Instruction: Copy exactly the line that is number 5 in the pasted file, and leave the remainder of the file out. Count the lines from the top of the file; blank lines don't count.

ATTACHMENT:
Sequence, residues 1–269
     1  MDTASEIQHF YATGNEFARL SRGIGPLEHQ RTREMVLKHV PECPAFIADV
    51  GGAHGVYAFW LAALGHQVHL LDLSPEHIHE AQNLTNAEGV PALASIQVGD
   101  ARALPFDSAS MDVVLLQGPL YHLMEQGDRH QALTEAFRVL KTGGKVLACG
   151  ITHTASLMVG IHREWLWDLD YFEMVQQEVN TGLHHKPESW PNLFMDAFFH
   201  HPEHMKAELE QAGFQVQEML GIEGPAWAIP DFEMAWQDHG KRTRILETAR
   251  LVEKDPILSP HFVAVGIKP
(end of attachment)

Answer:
   151  ITHTASLMVG IHREWLWDLD YFEMVQQEVN TGLHHKPESW PNLFMDAFFH